Tuesday, January 5, 2010

My Top Ten Chapter Books

Betsy Bird, over at Fuse 8, is doing a 100 best chapter books poll! Yay! Here are my choices. Mind, I don't necessarily think these are THE top ten of all time, or even my top ten favorites or whatever. They're just sort of the top ten that I found browsing my personal library shelves and skimming from the top of my mind. Yes, I am one of those people who detests the infamous, "what is your favorite book?" question.

  1. The River at Green Knowe by L. M. Boston. Although this is not the most critically recognized of the Green Knowe books, I place it at the top of Boston's works for its sense of wonder and exploration and the growth and magical independence of the characters. (and wherefore am I qualified to speak on this? well, I spent most of my four-year degree in English literature studying L. M. Boston's works, finishing up with an Honors thesis on said topic. For whatever it's worth...)
  2. Look Through My Window by Jean Little. This is the first of Jean Little's books I read and will always be my most beloved. Her story of friendship, poetry, and family shines with warmth, exuberant humor, and beauty.
  3. Dealing with Dragons by Patricia C. Wrede. The first in Patricia C. Wrede's Enchanted Forest chronicles, this classic fantasy stands fairy tale conventions and stereotypes on their heads while producing an exciting, hilarious, and delightful story. The original Trina Schart Hyman covers add extra points!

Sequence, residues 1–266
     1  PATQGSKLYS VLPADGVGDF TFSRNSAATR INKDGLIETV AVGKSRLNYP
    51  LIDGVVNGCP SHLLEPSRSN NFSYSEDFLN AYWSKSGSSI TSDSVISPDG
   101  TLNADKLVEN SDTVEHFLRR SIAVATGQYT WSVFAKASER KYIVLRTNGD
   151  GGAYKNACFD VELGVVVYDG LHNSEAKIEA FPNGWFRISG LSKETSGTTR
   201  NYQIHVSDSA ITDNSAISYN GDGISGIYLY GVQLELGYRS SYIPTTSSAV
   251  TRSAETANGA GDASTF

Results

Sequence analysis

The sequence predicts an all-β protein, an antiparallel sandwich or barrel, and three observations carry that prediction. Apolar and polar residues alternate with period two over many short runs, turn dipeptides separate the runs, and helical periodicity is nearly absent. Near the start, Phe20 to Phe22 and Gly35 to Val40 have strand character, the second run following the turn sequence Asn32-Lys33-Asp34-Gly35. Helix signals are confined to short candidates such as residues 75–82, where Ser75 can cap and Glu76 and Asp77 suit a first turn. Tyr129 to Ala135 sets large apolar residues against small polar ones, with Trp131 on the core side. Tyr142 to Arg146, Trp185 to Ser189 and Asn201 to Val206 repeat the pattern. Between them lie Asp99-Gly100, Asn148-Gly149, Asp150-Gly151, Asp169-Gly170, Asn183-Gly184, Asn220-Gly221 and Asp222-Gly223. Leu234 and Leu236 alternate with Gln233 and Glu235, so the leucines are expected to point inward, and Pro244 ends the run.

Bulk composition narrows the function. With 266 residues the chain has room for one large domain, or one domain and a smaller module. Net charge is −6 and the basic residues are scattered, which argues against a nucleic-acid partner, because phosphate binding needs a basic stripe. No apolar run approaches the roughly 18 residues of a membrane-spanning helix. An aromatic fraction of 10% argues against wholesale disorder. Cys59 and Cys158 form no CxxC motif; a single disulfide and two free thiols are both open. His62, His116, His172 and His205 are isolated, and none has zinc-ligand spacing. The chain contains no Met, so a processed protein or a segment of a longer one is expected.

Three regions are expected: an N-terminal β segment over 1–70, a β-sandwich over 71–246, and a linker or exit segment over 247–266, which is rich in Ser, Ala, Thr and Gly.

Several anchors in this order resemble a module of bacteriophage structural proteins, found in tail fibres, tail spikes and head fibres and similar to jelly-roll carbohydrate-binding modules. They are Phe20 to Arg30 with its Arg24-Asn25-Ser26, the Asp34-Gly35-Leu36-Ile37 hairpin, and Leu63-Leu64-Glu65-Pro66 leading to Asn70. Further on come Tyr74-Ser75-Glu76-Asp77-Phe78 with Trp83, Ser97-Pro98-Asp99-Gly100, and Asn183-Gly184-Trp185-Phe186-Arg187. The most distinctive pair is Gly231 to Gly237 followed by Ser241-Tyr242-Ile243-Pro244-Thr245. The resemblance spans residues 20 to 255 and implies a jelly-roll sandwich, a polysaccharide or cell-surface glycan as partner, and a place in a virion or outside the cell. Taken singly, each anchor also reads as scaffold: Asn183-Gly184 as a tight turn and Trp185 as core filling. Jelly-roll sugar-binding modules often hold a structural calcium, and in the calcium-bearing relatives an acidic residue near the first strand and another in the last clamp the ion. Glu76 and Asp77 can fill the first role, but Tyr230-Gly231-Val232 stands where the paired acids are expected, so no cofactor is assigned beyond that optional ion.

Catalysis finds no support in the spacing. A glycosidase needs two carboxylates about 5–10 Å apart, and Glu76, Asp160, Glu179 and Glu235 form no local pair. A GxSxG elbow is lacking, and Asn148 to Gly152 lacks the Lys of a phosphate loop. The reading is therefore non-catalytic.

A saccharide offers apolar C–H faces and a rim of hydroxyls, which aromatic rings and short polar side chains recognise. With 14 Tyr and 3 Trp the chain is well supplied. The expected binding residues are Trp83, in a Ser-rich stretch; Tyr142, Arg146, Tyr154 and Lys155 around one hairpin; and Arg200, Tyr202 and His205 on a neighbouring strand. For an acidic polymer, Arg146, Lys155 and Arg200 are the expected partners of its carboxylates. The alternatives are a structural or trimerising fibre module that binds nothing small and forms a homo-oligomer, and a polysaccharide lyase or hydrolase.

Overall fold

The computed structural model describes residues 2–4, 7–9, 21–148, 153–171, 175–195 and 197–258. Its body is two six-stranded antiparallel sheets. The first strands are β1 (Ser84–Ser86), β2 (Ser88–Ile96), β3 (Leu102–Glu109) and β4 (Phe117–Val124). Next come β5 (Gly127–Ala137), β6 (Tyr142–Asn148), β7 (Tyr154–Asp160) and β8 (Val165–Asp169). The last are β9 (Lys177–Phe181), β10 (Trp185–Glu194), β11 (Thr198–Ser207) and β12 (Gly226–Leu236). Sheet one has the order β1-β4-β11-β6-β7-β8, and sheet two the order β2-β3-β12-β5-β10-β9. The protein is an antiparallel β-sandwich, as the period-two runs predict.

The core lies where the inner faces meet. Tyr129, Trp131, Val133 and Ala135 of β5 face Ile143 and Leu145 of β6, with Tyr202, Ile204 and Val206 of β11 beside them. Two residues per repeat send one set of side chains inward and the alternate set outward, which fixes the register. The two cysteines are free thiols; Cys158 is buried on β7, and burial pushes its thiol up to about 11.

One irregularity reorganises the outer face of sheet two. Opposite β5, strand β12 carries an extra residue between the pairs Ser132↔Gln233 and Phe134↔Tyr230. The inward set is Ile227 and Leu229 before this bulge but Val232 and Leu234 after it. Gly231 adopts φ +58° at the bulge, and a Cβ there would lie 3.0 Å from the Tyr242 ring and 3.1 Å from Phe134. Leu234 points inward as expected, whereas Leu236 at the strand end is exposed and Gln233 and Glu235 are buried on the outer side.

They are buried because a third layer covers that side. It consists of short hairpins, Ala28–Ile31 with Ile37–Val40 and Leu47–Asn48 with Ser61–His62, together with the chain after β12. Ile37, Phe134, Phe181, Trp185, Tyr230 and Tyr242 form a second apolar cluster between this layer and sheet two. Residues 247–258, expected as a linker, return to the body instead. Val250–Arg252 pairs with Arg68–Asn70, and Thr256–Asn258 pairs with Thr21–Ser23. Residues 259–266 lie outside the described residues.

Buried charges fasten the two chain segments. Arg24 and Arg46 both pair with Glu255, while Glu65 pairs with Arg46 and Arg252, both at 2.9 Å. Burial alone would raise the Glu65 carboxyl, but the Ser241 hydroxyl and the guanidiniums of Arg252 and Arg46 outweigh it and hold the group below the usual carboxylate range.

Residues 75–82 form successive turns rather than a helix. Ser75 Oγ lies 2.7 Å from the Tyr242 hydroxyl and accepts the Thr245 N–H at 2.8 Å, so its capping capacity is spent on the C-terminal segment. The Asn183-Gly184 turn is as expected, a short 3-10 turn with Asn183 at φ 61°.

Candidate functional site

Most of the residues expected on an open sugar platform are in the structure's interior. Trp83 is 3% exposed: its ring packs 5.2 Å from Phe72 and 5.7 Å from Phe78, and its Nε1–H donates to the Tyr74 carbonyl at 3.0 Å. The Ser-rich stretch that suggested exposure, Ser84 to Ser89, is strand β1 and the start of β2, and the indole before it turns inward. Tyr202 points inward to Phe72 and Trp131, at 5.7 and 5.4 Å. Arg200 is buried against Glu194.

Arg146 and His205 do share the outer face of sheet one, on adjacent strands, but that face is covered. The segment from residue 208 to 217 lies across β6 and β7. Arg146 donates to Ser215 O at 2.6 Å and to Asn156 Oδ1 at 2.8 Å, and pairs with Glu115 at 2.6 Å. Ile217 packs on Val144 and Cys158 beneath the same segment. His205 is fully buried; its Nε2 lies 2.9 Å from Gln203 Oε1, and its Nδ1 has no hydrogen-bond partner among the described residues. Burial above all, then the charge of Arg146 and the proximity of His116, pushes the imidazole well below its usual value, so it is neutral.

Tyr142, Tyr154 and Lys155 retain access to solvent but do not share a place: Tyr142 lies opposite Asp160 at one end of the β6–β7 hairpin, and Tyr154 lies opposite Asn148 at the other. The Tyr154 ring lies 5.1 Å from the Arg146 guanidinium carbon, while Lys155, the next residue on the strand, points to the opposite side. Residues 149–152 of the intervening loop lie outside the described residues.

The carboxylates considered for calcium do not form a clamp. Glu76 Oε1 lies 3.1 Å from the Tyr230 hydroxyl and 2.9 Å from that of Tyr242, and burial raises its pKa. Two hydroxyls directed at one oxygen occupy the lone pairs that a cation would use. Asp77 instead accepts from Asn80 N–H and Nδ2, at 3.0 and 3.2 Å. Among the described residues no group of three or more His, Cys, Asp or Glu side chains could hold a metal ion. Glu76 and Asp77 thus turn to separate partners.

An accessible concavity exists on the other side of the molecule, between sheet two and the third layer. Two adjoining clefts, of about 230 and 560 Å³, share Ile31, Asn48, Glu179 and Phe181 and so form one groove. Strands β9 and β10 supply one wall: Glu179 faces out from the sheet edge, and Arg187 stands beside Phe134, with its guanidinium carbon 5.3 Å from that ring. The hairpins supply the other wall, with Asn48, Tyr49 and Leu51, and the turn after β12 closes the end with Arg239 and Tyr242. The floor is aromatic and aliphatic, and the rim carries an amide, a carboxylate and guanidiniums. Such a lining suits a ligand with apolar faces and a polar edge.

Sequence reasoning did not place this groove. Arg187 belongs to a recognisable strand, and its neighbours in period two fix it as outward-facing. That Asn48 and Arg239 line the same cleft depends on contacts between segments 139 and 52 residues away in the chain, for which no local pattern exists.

4. Bill Bergson and the White Rose Rescue by Astrid Lindgren. Astrid Lindgren took a variety of classic genres in children's literature and added her own subversive flavor while maintaining the appeal and structure of the story. Bill Bergson works within the frame of the juvenile detective story with humor, adventure, and realism. (Why, yes, I wrote some papers on Scandinavian children's literature too. How could you tell?)
  5. Ozma of Oz by L. Frank Baum. I love this story best of all the Oz stories, from Dorothy's plucky common sense to the first appearance of Tik-Tok the Clockwork Man, the story is full of the logic, magic, and sly humor that characterizes the first truly American fairy tale genre.
  6. Serial Garden by Joan Aiken. I think this is the best of the various Joan Aiken short story collections and I'm so thrilled it made the finals for the Cybils this year!
  7. Wind in the Willows by Kenneth Grahame. There are lots of "classics" I could add to this list, but I think this one is the one most likely to continue to survive and appeal to children. I own the Ernest Shepherd edition as well as the Michael Hague, but I grew up with the Hague so it is my favorite.
  8. Cricket Winter by Felice Holman. I love this story as much for its lyrical writing and layered themes as much as I do for it being the first book for which I wrote a "real" critical review. I wasn't able to find the original cover, but this one is nice too. Here's Part I, Part II, and Part III of my original review!
  9. Year of the Griffin by Diana Wynne Jones. Yes, I know it's a sequel. But this has been my favorite of Jones' work since I first discovered her. The hilarious mix of school story conventions, magical philosophy, and romantic friendships is delightful. I admit there are some similarities to be drawn between it and Enchanted Forest, but I love them both very much and we need more funny fantasy!
  10. The Magic Pudding by Norman Lindsay. This is a new favorite for me, discovered only a few years ago. Presumably most Australian kids know this famous food-focused classic.

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